State Sen. Scott Wiener said he was “deeply grateful” to voters for re-electing him. <ins>(Kevin N. Hume/S.F. Examiner)</ins>

State Sen. Scott Wiener said he was “deeply grateful” to voters for re-electing him. (Kevin N. Hume/S.F. Examiner)

Scott Wiener declares victory against Jackie Fielder in state Senate race

Incumbent faced challenge by democratic socialist organizer

State Sen. Scott Wiener will hang on to his seat representing San Francisco and parts of the Peninsula after a tough campaign against a challenger from the left.

Wiener was up against democratic socialist organizer Jackie Fielder, a political newcomer who won enough votes in the primary to reach the final ballot.

But as of results shortly past 11 p.m., roughly 60 percent of the votes cast in California Senate District 11 — which includes San Francisco, Daly City, Colma, Broadmoor and parts of South San Francisco — were in support of the former San Francisco supervisor.

“I’m so deeply grateful to the voters for choosing to send me back to the Senate,” said Wiener, who declared victory just before 10 p.m. “This really is the honor of my life, this is my community of 23 years. No one is entitled to an easy reelection. Having an opponent makes you a stronger elected official.”

Wiener is known for his focus on housing development and advancing LGBTQ protections for gay Californians like himself. Since narrowly beating former San Francisco Supervisor Jane Kim in 2016, he has authored and supported dozens of bills to speed up housing production.

He also led efforts to protect net neutrality in California and backed a bill to authorize public banks, on which Fielder was a lead organizer.

Wiener was endorsed by San Francisco elected officials including Mayor London Breed, Board of Supervisors President Norman Yee and House Speaker Nancy Pelosi, and by groups such as California YIMBY, Human Rights Campaign, Alice B. Toklas LGBT Democratic Club and California Young Democrats.

Wiener is widely considered one of the most liberal politicians in the California Legislature. But Fielder’s run to his left showed San Francisco’s progressive momentum seeking to expand outside city limits and tap into the energy of like-minded candidates nationwide.

The democratic socialist organizer jumped into the race in the final days of 2019, motivated by the progressive victories of District Attorney Chesa Boudin and Supervisor Dean Preston last November. Fielder, who is Indigenous, Latina and queer, advanced from the March primaries but said her grassroots campaign faced obstacles presented by the pandemic, economic downturn and wildfires.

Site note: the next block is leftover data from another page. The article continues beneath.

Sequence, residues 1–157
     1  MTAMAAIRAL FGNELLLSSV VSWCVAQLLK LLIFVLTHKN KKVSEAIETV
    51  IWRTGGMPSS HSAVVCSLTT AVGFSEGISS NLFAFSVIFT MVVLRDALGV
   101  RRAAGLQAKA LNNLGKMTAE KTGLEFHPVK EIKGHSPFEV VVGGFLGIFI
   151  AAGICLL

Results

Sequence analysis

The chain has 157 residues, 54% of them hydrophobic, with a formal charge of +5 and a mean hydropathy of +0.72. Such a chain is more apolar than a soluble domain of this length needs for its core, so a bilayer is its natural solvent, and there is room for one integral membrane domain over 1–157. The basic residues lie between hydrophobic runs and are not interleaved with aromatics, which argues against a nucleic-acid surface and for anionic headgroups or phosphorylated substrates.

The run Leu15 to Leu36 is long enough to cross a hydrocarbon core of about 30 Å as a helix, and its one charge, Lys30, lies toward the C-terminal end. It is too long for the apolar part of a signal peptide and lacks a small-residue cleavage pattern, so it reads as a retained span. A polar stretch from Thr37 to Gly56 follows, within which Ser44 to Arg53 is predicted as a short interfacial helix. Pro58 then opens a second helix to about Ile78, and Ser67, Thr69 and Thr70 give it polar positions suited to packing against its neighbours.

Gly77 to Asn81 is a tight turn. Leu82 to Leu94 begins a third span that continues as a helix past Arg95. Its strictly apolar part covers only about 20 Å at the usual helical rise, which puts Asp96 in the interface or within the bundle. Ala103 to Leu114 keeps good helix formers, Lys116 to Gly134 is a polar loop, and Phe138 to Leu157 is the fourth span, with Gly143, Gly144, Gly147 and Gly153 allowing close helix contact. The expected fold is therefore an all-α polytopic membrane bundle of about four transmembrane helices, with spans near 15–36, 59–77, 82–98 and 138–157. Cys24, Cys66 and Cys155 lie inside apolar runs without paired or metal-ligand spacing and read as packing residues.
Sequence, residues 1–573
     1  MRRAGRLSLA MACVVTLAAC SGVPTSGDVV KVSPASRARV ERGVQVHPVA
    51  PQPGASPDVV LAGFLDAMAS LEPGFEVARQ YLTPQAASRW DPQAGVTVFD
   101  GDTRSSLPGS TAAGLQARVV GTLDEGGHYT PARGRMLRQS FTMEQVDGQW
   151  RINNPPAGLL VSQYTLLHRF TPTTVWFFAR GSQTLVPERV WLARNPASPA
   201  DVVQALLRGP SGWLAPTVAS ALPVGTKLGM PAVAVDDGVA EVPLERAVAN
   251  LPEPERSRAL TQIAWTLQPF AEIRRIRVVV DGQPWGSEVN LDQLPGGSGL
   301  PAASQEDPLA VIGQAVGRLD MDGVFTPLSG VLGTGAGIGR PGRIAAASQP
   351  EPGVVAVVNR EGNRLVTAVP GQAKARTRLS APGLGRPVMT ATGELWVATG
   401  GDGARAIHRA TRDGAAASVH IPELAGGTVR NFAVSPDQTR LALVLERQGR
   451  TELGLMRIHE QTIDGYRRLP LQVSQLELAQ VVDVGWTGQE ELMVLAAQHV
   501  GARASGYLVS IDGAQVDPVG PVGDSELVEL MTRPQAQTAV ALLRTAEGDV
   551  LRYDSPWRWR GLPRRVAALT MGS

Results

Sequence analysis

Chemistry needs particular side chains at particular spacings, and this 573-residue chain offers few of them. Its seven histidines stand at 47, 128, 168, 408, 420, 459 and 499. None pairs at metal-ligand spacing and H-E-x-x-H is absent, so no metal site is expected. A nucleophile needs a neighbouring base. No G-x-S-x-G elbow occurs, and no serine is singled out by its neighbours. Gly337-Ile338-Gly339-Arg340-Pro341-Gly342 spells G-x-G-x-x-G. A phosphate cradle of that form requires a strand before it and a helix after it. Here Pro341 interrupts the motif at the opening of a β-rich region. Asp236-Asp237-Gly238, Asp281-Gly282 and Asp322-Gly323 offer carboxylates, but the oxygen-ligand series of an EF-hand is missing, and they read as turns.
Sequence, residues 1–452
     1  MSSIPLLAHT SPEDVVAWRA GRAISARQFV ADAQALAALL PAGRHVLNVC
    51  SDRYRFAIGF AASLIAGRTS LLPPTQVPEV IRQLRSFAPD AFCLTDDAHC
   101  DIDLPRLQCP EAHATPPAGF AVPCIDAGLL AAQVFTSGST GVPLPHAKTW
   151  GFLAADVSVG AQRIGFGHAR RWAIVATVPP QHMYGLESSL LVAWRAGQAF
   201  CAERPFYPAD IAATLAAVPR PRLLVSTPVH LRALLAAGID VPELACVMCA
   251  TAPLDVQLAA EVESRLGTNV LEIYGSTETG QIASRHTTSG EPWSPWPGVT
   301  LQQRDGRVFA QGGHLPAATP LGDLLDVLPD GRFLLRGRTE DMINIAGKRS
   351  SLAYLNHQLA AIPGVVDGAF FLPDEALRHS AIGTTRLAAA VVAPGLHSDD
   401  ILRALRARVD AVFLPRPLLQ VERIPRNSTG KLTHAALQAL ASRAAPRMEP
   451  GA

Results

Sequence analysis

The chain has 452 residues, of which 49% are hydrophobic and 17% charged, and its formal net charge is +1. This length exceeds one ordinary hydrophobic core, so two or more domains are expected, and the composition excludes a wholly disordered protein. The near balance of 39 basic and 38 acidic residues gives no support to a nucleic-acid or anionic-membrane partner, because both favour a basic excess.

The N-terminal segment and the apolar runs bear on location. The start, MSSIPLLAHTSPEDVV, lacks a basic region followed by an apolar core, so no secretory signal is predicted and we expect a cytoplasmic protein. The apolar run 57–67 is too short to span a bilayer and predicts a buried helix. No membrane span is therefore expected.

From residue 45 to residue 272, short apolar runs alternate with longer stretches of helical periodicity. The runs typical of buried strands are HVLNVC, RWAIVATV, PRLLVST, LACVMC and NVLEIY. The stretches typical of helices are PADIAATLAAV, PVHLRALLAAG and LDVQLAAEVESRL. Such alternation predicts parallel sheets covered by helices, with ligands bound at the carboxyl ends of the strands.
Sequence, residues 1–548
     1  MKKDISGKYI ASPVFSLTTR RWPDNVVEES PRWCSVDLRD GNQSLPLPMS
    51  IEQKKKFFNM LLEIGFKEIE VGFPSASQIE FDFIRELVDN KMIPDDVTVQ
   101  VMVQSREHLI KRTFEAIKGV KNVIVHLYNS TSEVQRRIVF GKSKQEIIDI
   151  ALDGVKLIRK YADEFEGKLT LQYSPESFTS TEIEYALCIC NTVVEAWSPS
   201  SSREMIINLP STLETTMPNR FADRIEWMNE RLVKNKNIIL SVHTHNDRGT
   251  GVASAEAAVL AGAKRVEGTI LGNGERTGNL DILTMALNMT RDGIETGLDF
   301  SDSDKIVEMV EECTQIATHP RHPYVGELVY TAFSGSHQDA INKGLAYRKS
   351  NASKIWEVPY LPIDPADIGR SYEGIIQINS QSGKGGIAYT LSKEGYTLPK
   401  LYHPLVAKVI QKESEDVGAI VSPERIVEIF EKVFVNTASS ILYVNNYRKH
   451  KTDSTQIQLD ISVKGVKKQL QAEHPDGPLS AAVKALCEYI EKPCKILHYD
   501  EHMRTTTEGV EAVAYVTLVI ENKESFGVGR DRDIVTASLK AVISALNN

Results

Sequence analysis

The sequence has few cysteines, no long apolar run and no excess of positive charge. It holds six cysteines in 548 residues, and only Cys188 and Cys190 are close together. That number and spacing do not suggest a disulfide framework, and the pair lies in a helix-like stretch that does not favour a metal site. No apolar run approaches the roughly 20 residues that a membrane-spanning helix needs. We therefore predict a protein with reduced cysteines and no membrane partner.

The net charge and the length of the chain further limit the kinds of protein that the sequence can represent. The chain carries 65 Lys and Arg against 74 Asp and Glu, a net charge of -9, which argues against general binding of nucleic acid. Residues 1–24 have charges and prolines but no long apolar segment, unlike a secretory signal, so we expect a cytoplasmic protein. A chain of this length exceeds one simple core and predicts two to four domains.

Fielder ran on taxing billionaires to bring a Green New Deal, free public transportation, government takeover of PG&E, state single-payer healthcare, $20 minimum wage and redirecting police funding to social services, among other initiatives. She has repeatedly criticized Wiener’s financial support from real estate and oil interests.

“I’m incredibly proud of what we’ve built,” Fielder said. “I’m committed to making sure that other challengers crop up across the state and continue to put pressure on the people in Sacramento who are beholden to these special interests. Whether it’s Scott or whether it’s other corporate Democrats, I hope that they understand there’s a growing movement that’s unapologetically demanding universal health care, a right to housing, expanded public school, [and] a Green New Deal.”

Approaches to addressing the housing crisis are a major difference between the two. Wiener’s answer to housing is to increase development and density in job-heavy areas including San Francisco to tackle climate change. He’s gained popularity among urbanists for proposing bold measures to bypass restrictions on housing.

His high-profile legislation includes Senate Bill 35, which requires cities that fall short of regional housing goals to streamline approval for certain projects; the bill has speeded up affordable housing development. Senate Bill 50, which ultimately failed, proposed sweeping changes to increase density along transit lines but drew objections from tenant and community groups who warned it would accelerate displacement and local governments who objected to the loss of local control.

Fielder instead urges deep government investment. She proposed taxing billionaires to establish a $100 billion housing emergency fund that would stabilize 200,000 existing affordable housing units and build at least 100,000 public or nonprofit affordable housing.

Fielder also targeted Wiener for spearheading measures in San Francisco that backed policing and criminalized homelessness, such as barring sleeping in parks and tents on sidewalks. However, he has also since co-authored bills in the Legislature chipping away at mass incarceration.

Fielder nabbed endorsements from California Federation of Teachers, Sunrise Bay Area, San Francisco Tenants Union, San Francisco supervisors Gordon Mar and Matt Haney, and Black Lives Matter co-founders Alicia Garza and Patrisse Cullors.

Wiener said Fielder’s plan to establish an Indigenous wildfire task force was a great idea and that he would support it should it move forward with Indigenous leadership.

“I am always looking for great ideas,” Wiener said. “Jackie and I agree on many things.”

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